To hear its proponents tell it, cannabidiol, the non-psychoactive extract from cannabis commonly known as CBD, is a one-stop cure-all for nearly every medical disorder that plagues humanity.
CBD has been touted as an effective treatment for everything from joint pain to tinnitus to depression to cancer. Over the past few years it has exploded onto the market in pills, tinctures, ointments, food additives and more. In 2018, more than $1 billion in CBD products were sold nationwide, with some forecasters claiming it could be $15 billion to $20 billion market by 2025.
But the reality, so far at least, is that little scientific evidence supports the anecdotal claims offered by consumers of the product. Until recently, the only study that had found a confirmed medical benefit from the extract was a 2017 paper published in the Journal of Epilepsy Research that found CBD effective in reducing seizures brought on by both Dravet and Lennox-Gastaut syndromes. This in itself was huge news since those two forms of epilepsy don’t respond to other anti-seizure medications, and it led to FDA approval of the first ever cannabis-derived pharmaceutical product, Epidolex.
This spring, however, brought reports of a different finding regarding CBD’s potential, one that could have a profound impact on one of the nation’s most vexing problems. Researchers reported in the American Journal of Psychiatry that in a controlled double-blind study of recovering opioid addicts treated with a prescription level dosage, those given CBD demonstrated reduced cravings for the drugs compared with others administered a placebo in the same experiment.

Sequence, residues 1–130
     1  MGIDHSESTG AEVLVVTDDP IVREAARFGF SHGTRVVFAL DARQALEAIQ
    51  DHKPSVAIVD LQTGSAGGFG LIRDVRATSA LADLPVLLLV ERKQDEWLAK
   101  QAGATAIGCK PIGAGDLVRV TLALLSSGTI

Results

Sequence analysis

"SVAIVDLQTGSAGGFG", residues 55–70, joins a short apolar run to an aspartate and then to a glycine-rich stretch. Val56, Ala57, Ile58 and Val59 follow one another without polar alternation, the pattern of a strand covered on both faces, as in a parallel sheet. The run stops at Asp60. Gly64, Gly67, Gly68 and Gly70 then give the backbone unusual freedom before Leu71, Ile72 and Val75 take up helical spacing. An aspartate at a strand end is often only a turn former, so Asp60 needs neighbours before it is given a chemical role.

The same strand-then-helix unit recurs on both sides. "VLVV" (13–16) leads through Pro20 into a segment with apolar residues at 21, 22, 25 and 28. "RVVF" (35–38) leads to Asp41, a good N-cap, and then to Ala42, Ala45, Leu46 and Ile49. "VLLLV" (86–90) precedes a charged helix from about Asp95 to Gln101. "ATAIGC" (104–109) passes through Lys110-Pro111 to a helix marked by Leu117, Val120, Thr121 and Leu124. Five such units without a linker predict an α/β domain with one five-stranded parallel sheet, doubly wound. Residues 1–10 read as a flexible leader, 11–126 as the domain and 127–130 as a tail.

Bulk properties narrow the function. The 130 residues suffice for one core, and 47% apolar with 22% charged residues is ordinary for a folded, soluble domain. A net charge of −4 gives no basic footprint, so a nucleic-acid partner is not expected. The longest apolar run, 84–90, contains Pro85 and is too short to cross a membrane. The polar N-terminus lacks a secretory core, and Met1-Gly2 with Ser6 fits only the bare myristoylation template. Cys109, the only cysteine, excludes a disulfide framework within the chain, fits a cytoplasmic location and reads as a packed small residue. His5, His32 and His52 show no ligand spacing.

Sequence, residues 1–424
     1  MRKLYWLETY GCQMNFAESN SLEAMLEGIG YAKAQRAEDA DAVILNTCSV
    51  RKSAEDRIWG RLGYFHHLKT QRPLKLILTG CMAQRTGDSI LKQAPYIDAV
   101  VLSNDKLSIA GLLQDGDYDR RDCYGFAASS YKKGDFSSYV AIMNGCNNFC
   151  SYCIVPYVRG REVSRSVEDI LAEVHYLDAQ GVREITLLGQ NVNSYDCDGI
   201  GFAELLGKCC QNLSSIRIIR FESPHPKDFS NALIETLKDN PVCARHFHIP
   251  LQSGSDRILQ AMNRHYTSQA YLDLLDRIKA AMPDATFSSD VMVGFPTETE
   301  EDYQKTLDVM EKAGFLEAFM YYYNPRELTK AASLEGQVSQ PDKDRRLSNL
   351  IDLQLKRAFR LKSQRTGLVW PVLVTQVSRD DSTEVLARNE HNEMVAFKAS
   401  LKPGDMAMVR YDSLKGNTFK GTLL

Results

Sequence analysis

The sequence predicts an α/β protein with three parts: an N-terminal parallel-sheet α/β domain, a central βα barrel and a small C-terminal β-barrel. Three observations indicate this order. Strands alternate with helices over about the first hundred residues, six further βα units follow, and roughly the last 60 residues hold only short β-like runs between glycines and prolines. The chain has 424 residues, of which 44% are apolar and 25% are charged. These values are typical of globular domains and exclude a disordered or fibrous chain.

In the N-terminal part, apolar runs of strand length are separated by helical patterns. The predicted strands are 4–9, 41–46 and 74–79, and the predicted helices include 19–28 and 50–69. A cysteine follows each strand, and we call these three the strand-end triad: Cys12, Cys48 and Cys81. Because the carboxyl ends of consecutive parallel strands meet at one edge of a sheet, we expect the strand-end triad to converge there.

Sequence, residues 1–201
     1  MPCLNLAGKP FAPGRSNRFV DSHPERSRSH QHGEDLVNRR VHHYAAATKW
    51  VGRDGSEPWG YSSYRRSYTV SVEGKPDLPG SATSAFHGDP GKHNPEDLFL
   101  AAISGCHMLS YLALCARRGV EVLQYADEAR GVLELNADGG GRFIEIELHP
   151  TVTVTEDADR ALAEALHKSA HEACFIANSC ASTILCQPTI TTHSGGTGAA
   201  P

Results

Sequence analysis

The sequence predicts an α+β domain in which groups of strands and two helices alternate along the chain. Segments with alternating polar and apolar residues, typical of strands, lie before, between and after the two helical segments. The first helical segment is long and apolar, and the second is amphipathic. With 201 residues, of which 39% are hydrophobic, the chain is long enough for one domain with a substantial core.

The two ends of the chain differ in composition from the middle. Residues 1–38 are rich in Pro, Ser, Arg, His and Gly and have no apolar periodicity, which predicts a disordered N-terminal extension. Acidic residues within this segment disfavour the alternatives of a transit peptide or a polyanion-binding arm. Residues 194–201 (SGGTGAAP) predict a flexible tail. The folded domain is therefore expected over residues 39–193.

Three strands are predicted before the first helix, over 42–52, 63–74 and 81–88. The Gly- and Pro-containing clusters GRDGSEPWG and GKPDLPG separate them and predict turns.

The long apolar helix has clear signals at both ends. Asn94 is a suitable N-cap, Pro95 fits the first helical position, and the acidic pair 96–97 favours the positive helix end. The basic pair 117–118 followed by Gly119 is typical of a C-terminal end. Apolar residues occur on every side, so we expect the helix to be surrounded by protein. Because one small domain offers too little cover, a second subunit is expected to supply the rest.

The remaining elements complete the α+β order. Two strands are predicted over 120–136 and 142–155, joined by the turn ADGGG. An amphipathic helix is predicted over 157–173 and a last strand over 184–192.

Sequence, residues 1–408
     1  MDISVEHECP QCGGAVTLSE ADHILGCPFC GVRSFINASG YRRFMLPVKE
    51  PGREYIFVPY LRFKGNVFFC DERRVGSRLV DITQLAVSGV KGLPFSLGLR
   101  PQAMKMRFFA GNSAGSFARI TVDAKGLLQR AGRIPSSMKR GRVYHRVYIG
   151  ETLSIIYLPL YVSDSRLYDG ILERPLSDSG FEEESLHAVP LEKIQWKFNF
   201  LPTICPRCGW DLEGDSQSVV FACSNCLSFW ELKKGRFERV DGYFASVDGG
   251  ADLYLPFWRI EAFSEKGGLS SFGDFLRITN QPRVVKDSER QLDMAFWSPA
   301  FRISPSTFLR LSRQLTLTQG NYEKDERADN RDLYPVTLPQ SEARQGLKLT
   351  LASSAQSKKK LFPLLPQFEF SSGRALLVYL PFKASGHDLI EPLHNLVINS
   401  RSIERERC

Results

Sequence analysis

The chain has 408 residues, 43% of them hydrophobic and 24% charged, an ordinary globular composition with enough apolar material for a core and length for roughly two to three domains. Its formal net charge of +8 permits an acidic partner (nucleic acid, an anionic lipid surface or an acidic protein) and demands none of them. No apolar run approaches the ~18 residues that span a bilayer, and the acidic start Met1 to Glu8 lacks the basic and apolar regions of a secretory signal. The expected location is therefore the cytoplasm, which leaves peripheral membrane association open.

The primary author of the study is Yasmin Hurd, director of the Addiction Institute at the Icahn School of Medicine at Mount Sinai. Between 2016 and 2018, she and her assistants studied 42 heroin addicts who had been on the drug for an average of 13 years and who were only a month or so into their efforts at quitting. Divided into three groups, each was provided with either a 400 mg solution, 800 mg, or a placebo for three consecutive days.
Three times – immediately after receiving the initial dose, 24 hours later, and then a week after the final dose – participants were presented with neutral visual cues, such as nature scenes, as well as a three-minute video showing heroin paraphernalia and packets of powder. To prevent biasing the results, neither the participants nor the researchers knew who had been given which of the three solutions. But the results, when unveiled, were significant.
Recovering addicts given the placebo experienced heightened heart rates, increases in the stress hormone cortisol, and reported strong cravings for drugs. Meanwhile, “Those who received the CBD,” Hurd told National Public Radio’s Allison Aubrey, “showed a reduction of their craving and they also showed a reduction of their anxiety.” Among those given CBD, these responses were at their lowest one to two hours after it was administered, but the effect was still notable even a week after the final dose.